Table Joins/Unions and ContentProviders: Reminderer

Ever since I wrote the new ContentProvider framework, Reminderer had this annoying bug where it wouldn’t auto-refresh the open tasks list whenever you added a new task. You added a task but the darn task wouldn’t show on the list until you rotated the phone.

The first approach was to force reload the Loader every time the fragment gets focus. While this hack works, its just that—a hack. This approach quickly becomes inefficient once the task list gets unduly large (as in hundreds of tasks). The second approach was to use a ContentObserver to listen for changes in the database. Fortunately, for some reason, as I’ll explain shortly, the content observer wouldn’t listen to changes in the table.

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Off the Beaten Path: Reminderer

I’ve spent the past week fixing some persistent and annoying bugs. More on those later. Being a fan of the KISS principle, I think its better to polish what I have so far before adding more features rather than… adding a gazillion features that half work. So you can follow the latest progress in the dogFood branch.

The immediate goal is to make the “open tasks” activity more polished:

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Rearrangeable List View Rows: Reminderer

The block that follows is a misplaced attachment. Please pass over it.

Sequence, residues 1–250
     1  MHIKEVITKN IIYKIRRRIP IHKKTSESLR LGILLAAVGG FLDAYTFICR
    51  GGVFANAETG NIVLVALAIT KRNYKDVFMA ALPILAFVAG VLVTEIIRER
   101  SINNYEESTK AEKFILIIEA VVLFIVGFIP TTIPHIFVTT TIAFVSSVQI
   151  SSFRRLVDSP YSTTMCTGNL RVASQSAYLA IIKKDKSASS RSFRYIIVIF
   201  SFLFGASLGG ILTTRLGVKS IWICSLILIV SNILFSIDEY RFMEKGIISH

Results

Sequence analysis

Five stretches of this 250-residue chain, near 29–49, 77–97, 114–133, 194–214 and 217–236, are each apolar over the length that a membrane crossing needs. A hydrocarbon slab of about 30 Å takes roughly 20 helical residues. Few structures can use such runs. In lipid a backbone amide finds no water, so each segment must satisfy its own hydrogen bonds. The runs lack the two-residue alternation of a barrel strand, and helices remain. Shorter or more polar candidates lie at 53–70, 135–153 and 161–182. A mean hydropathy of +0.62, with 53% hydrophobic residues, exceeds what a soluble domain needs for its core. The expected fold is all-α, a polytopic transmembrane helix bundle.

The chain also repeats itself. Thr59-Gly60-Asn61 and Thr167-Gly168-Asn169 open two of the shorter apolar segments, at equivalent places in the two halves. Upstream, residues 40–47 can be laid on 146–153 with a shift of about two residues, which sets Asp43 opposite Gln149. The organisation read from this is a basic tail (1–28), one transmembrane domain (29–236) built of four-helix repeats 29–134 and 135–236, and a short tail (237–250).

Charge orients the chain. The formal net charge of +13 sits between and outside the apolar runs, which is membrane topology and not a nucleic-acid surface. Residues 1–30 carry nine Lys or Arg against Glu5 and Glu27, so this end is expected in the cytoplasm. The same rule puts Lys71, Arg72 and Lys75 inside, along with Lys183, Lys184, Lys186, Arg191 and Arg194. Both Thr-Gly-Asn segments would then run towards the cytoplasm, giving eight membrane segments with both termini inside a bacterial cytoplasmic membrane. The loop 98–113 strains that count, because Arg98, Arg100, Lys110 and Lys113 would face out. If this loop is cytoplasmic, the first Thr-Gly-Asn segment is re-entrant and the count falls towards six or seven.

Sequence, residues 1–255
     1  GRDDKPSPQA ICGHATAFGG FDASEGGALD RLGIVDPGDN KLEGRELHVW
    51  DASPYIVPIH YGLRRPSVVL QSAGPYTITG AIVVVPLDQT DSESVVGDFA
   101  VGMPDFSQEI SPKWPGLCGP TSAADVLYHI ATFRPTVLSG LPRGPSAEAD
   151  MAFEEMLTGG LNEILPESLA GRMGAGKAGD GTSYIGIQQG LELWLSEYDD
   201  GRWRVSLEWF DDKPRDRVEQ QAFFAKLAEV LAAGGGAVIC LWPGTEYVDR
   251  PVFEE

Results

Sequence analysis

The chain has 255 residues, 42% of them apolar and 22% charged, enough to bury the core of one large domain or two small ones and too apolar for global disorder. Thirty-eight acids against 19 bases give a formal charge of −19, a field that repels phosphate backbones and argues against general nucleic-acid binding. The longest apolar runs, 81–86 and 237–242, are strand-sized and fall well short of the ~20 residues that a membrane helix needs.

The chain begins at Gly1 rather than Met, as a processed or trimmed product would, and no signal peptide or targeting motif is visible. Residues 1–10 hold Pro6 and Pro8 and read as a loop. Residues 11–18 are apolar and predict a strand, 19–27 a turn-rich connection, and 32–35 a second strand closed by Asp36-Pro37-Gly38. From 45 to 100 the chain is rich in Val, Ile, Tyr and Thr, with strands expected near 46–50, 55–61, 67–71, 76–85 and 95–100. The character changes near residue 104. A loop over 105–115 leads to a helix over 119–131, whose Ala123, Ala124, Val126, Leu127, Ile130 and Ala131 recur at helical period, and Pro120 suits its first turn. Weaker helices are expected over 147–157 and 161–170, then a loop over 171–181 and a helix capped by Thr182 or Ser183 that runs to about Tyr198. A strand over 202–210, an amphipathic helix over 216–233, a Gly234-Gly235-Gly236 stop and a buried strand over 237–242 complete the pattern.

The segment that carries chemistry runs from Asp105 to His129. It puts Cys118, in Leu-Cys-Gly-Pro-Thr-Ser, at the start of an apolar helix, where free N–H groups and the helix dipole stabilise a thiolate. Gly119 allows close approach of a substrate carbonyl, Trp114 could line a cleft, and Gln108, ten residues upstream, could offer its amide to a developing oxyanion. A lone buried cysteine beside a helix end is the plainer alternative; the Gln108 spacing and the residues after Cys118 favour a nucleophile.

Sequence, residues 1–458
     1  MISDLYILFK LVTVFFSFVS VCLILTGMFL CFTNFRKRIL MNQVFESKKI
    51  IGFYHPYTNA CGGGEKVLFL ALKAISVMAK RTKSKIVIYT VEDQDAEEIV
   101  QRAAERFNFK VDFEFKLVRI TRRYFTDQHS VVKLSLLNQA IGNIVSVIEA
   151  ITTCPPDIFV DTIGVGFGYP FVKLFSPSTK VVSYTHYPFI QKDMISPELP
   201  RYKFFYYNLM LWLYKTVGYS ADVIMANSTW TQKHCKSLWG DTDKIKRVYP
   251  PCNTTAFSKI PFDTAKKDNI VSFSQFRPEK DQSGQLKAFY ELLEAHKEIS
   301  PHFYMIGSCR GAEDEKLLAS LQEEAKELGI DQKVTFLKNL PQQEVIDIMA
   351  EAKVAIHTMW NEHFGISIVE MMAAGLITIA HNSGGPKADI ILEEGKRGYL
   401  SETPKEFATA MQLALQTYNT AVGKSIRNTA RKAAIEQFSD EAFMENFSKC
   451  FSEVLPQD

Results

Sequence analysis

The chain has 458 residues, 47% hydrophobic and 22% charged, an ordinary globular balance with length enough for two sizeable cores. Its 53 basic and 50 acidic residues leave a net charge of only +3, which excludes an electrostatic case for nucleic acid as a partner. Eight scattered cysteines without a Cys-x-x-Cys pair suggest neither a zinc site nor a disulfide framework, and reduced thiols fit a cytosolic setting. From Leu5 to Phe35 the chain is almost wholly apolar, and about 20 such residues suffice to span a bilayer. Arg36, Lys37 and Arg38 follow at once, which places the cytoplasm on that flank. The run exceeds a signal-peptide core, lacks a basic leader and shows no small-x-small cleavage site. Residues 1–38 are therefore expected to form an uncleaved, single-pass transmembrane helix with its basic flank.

Project View

I’ve been pretty busy at work, so I haven’t had as much time to work on Reminderer. The screenshot on the right shows the main page for Projects (aka categories)—you can now organize TODOs by project (1 project per TODO). Yes, the row height is too small to be user friendly but at this point I’m still working on the core functionality.

Rearrangeable List View Rows

One of the things that the UI will need is the ability to intuitively rearrange/reorder data, whether its projects or TODOs. Continue reading


End of Phase 1: Reminderer

first screenshot

I finally finished the first draft of the alarm system! Yay. Screenshot on the right.

“Wait,” you might be saying to yourself, “That app looks like crap.” And you’re right. I’ve been focusing strictly on the back end. With that out of the way, I can now dog food the app. Normally, I work from the outside in—create a UI first then add backend functionality as needed. In this case, the alarm system is so straightforward (yet interconnected) that it made more sense to complete it first.

What’s next?

The immediate next step is to add folders or categories. Each alarm can belong to one folder/category. Each folder/category has its own view. You’ll also be able to add an unlimited number of subtasks to a task, with unlimited hierarchy. Eventually there will also be tags to put tasks in multiple categories.

I’m also going to start surveying similar apps.